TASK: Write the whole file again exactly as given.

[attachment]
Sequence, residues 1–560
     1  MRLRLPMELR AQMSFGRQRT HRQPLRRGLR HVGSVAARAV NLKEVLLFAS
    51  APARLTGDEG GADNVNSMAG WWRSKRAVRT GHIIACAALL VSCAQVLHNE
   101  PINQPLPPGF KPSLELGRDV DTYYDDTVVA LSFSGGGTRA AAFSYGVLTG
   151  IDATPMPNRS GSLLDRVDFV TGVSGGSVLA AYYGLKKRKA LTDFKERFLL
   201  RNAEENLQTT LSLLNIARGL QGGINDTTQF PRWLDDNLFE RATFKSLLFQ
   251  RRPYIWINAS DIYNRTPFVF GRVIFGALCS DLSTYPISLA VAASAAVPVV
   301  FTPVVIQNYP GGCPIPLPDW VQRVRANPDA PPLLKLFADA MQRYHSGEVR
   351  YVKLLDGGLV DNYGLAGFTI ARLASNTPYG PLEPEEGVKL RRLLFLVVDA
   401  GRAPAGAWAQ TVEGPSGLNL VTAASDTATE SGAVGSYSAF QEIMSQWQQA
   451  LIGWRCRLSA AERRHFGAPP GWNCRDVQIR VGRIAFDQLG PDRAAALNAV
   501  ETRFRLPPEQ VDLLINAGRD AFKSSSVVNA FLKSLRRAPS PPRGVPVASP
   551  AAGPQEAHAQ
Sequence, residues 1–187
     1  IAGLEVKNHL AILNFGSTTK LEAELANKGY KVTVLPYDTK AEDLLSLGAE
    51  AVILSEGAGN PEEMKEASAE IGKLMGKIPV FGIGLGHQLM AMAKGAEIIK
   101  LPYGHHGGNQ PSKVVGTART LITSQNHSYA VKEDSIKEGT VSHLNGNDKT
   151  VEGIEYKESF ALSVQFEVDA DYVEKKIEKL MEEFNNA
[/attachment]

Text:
Sequence, residues 1–560
     1  MRLRLPMELR AQMSFGRQRT HRQPLRRGLR HVGSVAARAV NLKEVLLFAS
    51  APARLTGDEG GADNVNSMAG WWRSKRAVRT GHIIACAALL VSCAQVLHNE
   101  PINQPLPPGF KPSLELGRDV DTYYDDTVVA LSFSGGGTRA AAFSYGVLTG
   151  IDATPMPNRS GSLLDRVDFV TGVSGGSVLA AYYGLKKRKA LTDFKERFLL
   201  RNAEENLQTT LSLLNIARGL QGGINDTTQF PRWLDDNLFE RATFKSLLFQ
   251  RRPYIWINAS DIYNRTPFVF GRVIFGALCS DLSTYPISLA VAASAAVPVV
   301  FTPVVIQNYP GGCPIPLPDW VQRVRANPDA PPLLKLFADA MQRYHSGEVR
   351  YVKLLDGGLV DNYGLAGFTI ARLASNTPYG PLEPEEGVKL RRLLFLVVDA
   401  GRAPAGAWAQ TVEGPSGLNL VTAASDTATE SGAVGSYSAF QEIMSQWQQA
   451  LIGWRCRLSA AERRHFGAPP GWNCRDVQIR VGRIAFDQLG PDRAAALNAV
   501  ETRFRLPPEQ VDLLINAGRD AFKSSSVVNA FLKSLRRAPS PPRGVPVASP
   551  AAGPQEAHAQ
Sequence, residues 1–187
     1  IAGLEVKNHL AILNFGSTTK LEAELANKGY KVTVLPYDTK AEDLLSLGAE
    51  AVILSEGAGN PEEMKEASAE IGKLMGKIPV FGIGLGHQLM AMAKGAEIIK
   101  LPYGHHGGNQ PSKVVGTART LITSQNHSYA VKEDSIKEGT VSHLNGNDKT
   151  VEGIEYKESF ALSVQFEVDA DYVEKKIEKL MEEFNNA